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Some 1000 South Hebron Hills residents to be expelled. Testimony of Jabriyeh Hamamdeh, Khirbet a-Taban

Jabriyeh Hamamdeh, Khirbet a-Taban

Jabriyeh Hamamdeh. Photo: Oren Ziv, Activestills.orgI was born and raised in Khirbet a-Taban. Here I also married my husband, Musa Muhammad Ahmad Mesleh Hamamdeh, who is 56 years old. I live here in the village with five unmarried sons and daughters. I live in a shelter with a plastic roof. In last week’s stormy weather, the shelter didn’t protect us from the cold or the rain, and the harsh winter causes us suffering. The Israeli military won’t allow us to build houses made of stone or concrete and considers our presence in the area to be illegal. Eight families live in Khirbet a-Taban [year round]. In springtime, the number of families increases, and usually there are as many as 25 families in the village.

Together, my husband and his brothers have 100 dunams of cultivated land. We also raise a flock of 60 sheep. These are our only sources of livelihood. My children and I work the land, tend the sheep and help my husband, who has been diabetic for over 18 years.

 Hamamdeh and two of her children in the tent they live in. Photo: Oren Ziv, Activestills.org, 30 Jan. 2013.
Hamamdeh and two of her children in the tent they live in. Photo: Oren Ziv, Activestills.org, 30 Jan. 2013.

We suffer from difficult living conditions in the village: There is no permanent medical clinic. There is no school and there are no social services. Our young children have to walk more than half an hour to get to the school in al-Fakhit. We also have to go that far if we want to get medical treatment from the volunteer doctors who come to al-Fakhit once every two weeks. In addition, sometimes, especially in emergencies, we have to travel to the city of Yatta to receive hospital medical treatment. The way from here to Yatta is very rough and, to get there, we use donkeys or tractors or walk. The military won’t allow us to pave a straight or asphalt road, arguing that the area is a military zone and that a better road would help workers trying to enter Israel illegally.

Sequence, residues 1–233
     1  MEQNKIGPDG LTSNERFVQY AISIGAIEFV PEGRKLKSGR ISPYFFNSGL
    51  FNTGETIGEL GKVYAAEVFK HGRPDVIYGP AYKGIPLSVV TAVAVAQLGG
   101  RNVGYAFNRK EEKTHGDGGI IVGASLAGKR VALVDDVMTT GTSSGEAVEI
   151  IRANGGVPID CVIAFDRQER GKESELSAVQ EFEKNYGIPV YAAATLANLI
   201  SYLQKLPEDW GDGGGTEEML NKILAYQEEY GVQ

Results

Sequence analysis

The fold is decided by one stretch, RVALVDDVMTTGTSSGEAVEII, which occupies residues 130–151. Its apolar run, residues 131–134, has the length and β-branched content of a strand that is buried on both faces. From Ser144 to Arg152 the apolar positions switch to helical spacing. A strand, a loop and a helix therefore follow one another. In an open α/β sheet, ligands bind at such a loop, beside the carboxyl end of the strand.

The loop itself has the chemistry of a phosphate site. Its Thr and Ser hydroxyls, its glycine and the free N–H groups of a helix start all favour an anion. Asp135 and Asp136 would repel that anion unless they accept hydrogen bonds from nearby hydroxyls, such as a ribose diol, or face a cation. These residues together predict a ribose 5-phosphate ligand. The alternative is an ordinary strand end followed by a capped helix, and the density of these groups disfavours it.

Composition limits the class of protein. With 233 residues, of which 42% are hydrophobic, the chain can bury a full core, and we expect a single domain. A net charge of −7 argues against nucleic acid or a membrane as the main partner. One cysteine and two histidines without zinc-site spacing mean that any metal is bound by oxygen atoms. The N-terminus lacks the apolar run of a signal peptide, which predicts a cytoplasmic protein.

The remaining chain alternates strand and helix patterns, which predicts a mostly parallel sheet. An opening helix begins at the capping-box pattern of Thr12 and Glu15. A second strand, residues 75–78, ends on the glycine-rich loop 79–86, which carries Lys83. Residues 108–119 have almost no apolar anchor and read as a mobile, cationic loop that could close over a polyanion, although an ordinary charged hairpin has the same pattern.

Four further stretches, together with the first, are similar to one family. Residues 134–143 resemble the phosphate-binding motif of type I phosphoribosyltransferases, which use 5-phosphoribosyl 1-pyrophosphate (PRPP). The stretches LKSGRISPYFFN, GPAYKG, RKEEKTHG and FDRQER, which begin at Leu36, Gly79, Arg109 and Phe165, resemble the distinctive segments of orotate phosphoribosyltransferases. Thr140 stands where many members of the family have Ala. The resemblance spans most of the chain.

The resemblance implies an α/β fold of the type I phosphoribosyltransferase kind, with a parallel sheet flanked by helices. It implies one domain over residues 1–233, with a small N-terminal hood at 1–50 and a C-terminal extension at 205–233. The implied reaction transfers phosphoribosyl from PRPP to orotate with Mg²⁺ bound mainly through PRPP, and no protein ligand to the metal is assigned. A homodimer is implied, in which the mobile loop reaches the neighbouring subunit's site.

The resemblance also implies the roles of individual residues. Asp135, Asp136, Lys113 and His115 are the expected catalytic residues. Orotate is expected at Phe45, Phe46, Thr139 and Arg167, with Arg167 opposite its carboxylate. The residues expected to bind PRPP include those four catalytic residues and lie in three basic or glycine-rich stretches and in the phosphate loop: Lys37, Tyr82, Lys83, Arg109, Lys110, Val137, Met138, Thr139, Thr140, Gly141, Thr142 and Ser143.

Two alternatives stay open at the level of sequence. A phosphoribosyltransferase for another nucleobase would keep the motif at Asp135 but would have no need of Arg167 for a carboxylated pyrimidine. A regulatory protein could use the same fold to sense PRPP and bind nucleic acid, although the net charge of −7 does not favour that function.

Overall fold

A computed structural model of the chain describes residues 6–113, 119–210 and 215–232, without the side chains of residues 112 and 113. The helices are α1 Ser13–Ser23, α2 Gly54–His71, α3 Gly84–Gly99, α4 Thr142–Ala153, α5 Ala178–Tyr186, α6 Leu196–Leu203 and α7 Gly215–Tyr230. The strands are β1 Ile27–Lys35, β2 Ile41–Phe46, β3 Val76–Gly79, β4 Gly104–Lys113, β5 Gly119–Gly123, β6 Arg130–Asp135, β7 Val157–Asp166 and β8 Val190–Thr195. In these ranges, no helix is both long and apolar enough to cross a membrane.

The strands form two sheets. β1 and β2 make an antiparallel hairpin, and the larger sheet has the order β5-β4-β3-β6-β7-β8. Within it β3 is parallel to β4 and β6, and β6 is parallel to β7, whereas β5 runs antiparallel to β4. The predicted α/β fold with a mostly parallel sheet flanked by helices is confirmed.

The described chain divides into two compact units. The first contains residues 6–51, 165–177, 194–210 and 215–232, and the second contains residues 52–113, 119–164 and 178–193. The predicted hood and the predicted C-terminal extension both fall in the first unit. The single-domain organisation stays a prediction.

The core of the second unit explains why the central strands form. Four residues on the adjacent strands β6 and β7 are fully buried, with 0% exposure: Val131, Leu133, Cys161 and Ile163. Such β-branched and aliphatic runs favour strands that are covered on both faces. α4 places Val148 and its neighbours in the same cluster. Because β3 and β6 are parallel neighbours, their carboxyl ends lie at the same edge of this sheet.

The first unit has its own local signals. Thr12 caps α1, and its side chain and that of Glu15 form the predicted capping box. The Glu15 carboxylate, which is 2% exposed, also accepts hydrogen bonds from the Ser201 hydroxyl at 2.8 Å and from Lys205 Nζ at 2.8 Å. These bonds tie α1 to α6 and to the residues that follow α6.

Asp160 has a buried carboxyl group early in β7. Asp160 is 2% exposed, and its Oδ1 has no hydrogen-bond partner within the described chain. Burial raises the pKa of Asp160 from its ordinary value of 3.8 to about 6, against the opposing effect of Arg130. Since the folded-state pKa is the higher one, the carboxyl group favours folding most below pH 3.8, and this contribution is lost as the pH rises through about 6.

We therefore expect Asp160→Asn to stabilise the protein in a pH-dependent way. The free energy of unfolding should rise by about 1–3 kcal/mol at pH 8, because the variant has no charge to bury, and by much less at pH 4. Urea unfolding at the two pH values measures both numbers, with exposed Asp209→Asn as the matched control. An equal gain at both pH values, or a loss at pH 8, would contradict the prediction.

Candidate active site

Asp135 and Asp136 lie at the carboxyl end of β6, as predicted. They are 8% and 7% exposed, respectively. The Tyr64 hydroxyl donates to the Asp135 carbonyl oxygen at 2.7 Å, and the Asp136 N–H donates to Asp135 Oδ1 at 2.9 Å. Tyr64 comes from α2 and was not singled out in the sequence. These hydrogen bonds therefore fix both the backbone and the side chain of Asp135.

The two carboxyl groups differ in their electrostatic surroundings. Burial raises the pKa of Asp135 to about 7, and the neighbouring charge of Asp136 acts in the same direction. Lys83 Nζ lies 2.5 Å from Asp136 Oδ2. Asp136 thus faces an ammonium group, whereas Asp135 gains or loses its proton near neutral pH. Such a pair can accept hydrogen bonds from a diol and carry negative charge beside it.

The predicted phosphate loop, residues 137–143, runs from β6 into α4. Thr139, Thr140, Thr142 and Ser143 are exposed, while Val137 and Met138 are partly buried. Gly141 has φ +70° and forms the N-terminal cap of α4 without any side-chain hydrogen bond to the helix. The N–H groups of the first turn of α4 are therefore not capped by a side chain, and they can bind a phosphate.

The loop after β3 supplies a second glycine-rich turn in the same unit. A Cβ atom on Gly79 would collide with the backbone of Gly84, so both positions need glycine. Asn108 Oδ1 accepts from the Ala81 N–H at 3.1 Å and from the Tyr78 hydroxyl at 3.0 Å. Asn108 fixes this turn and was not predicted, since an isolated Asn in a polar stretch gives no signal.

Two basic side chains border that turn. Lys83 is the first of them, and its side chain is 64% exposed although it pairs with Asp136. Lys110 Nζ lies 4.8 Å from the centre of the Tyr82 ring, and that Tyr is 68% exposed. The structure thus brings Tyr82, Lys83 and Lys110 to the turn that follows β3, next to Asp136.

In 2000, the military destroyed the village, the water cisterns and the caves, and expelled us to the village of Khirbet Ma’in, near the city of Yatta. We returned to the village at night and hid until, twenty days later, the court decided to let us return.

In 2004, the Israeli military destroyed some of our structures: two hothouses, two tents and three sheep pens. We rebuilt the tents and the shelters. The military won’t let us alone and watches every attempt we make to put up a new tent or dig a cistern. We suffer from a shortage of water, mainly in the summer. After the water we collect in the winter runs out, we have no choice but to buy water from the Bedouin village of Hameydah. We pay over 20 shekels [approximately 5.5 USD] for one cubic meter of water.

Khirbet a-Taban. Photo: Oren Ziv, Activestills.org, 30 Jan. 2013.
Khirbet a-Taban. Photo: Oren Ziv, Activestills.org, 30 Jan. 2013.

Recently, we got solar panels for electricity and this has made our lives a bit easier. We can now use a television, and for the first time in our lives, we have a refrigerator and a washing machine. A few months ago, the Israeli government announced its plan to evacuate our village and other nearby villages, arguing that the area is a military training and firing zone. Since hearing the announcement, I’ve been worried. I’m afraid that the military will implement this decision. We will not leave this place. Even if the military forcibly expels us, we’ll do as we did in the past – we’ll come back. I can’t imagine life anywhere else. We have no place other than Khirbet a-Taban. Here I was born and raised, and here I will die.

Jabriyeh Khalil Ghanam Hamamdeh, 45, married mother of 11 is a resident of Khirbet a-Taban, in the South Hebron Hills. Her testimony was taken by Musa Abu Hashhash in the witness’s home, 14 January 2013